BEIJING (Reuters) - China said on Friday it would cut off credit to force consolidation in industries plagued by overcapacity as it seeks to end the economy’s dependence on extravagant investment funded by cheap debt.
In a statement from the State Council, or cabinet, Beijing laid out broad plans to ensure banks support the kind of economic rebalancing China’s new leadership wants as it looks to focus more on high-end manufacturing.
President Xi Jinping and Premier Li Keqiang have flagged for some time that the rapid growth of the past three decades needs to shift down a gear, and analysts said Friday’s announcement was a signal that they intended to press on with reforms despite evidence of a sharper-than-expected slowdown.
“The guideline shows China’s policymakers will focus more on economic restructuring to stabilize the economy rather than providing more liquidity to support economic growth,” said Li Huiyong, an economist at Shenyin Wanguo Securities in Shanghai.
The slowdown in the world’s second-largest economy has started to put pressure on some businesses.
On Friday, China Rongsheng Heavy Industries Group (1101.HK), China’s largest private shipbuilder, appealed for financial help from the government and big shareholders, after cutting its workforce and delaying payments to suppliers.
Analysts said the company could be the biggest casualty of a local shipbuilding industry suffering from overcapacity and shrinking orders amid a global shipping downturn. New ship orders for Chinese builders fell by about half last year.
The State Council said it would ensure credit kept flowing to businesses that it thought had competitive products, but it would work with banks to oversee a gradual winding down of other businesses.
“The government will adopt differentiated policies based on the varied situations in the industries plagued by overcapacity,” it said.
It did not mention any specific industries or companies and there was no suggestion it was referring to Rongsheng.
Friday’s announcement was the latest sign that China’s policymakers are determined to bring debt-fuelled expansion under control, after the central bank allowed a cash crunch last month that sent short-term lending rates to record highs.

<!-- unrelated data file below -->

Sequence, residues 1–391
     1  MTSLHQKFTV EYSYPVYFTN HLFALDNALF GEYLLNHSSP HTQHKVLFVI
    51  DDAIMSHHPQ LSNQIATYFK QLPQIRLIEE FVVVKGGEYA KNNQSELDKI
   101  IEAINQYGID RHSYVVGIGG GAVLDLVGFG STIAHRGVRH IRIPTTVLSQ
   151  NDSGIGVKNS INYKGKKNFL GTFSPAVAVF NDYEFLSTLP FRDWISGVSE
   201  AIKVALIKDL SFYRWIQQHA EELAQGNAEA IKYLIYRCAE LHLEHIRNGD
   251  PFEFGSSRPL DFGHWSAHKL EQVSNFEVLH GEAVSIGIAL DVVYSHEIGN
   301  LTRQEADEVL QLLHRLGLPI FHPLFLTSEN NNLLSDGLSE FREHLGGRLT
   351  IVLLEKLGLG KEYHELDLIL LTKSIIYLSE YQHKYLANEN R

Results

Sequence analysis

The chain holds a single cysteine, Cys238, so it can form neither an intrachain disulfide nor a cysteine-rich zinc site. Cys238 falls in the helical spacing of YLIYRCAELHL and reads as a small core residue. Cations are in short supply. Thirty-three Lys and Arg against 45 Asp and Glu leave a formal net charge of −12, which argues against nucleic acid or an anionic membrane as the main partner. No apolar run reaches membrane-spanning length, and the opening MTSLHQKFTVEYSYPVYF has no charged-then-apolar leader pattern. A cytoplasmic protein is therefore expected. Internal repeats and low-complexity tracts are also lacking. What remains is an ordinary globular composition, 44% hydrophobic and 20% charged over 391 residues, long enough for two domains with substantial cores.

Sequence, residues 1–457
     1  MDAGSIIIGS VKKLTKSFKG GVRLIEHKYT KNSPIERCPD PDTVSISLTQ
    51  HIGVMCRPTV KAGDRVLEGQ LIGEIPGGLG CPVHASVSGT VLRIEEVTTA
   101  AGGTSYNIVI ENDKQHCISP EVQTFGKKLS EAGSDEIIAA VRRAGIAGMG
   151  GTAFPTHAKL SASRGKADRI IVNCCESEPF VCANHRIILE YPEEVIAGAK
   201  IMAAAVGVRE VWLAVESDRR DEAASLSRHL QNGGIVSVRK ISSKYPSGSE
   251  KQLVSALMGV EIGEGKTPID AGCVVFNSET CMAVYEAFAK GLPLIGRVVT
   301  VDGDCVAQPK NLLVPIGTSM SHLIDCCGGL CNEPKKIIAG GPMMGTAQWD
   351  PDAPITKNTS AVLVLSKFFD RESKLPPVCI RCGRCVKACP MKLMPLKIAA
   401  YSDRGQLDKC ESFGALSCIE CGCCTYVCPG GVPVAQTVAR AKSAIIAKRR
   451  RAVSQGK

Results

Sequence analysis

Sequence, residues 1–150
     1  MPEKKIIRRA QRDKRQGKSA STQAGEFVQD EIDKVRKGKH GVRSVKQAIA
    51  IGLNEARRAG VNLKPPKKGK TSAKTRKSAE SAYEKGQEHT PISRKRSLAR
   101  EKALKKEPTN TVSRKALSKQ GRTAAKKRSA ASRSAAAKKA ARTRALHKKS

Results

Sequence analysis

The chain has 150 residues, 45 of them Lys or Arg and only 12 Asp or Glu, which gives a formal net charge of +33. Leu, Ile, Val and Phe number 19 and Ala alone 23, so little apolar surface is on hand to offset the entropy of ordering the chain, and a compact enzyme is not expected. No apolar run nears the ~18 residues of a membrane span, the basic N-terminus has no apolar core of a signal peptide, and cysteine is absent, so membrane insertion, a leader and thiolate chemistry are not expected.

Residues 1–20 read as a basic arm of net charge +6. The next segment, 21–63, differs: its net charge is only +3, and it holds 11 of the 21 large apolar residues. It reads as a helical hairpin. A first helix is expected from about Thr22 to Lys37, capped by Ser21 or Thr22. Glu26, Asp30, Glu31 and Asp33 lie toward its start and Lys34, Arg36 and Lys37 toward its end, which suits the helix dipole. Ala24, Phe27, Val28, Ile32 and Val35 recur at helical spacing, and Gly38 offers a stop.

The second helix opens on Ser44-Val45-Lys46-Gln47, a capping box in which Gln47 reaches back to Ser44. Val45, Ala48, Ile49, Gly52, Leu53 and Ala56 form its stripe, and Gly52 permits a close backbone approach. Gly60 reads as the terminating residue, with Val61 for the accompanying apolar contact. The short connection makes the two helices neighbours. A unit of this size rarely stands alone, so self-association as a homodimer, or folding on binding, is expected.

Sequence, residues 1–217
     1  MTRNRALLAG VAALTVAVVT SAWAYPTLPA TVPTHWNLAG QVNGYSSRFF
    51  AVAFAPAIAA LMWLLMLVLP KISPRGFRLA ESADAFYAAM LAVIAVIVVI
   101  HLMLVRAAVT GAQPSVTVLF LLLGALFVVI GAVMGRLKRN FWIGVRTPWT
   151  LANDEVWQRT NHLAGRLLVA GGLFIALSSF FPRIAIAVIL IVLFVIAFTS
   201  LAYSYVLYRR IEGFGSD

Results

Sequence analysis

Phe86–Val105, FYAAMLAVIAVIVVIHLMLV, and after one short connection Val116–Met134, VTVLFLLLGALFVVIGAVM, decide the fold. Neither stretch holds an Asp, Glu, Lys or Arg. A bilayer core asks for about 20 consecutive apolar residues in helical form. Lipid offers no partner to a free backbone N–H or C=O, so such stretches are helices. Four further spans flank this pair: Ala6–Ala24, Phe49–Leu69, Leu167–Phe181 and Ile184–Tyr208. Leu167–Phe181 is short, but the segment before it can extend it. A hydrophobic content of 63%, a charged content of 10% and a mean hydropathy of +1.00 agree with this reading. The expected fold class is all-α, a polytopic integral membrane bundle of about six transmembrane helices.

Ma Tao, an analyst with CEBM Group, an institutional investment research firm in Shanghai, said sectors such as construction materials, steel and aluminum suffered from overcapacity, as well as high debt and financing costs.
“The recent credit crunch also served as a catalyst for their cash flow problems to emerge as liquidity has not been eased,” said Ma.
The State Council also said that, in future, so-called wealth management products issued by banks would have to be linked to specific projects, rather than being mixed together with banks’ other pools of credit.
Such a move would prevent some of the riskier lending practices in the shadow banking market that the central bank has been trying to address.
Explosive credit growth, particularly in the opaque shadow banking system, is seen by analysts as one of the biggest risks to China’s economy, along with a frothy property market and the run-up of debt by local governments.
Underlining the last of those risks, a senior official said on Friday that the government did not know precisely the extent of local governments’ debt, and warned that it could be more than previous estimates.
Estimates of local government debt range from Standard Chartered’s 15 percent of the country’s GDP at end-2012 to Credit Suisse’s 36 percent. Fitch put the figure at 25 percent when it downgraded China’s sovereign debt rating in April.
Vice Finance Minister Zhu Guangyao said China had not released official figures since a 2010 auditing report that put local government debt at 10.7 trillion yuan.
“Currently, <according to> nationwide surveys, I think this number will rise,” Zhu said, defending the debt as mostly geared toward fuelling infrastructure projects.
Additional reporting by Shao Xiaoyi and Michael Martina in Beijing, Clement Tan and Umesh Desai in Hong Kong and Ruby Lian in Shanghai; Writing by Alex Richardson; Editing by Simon Cameron-Moore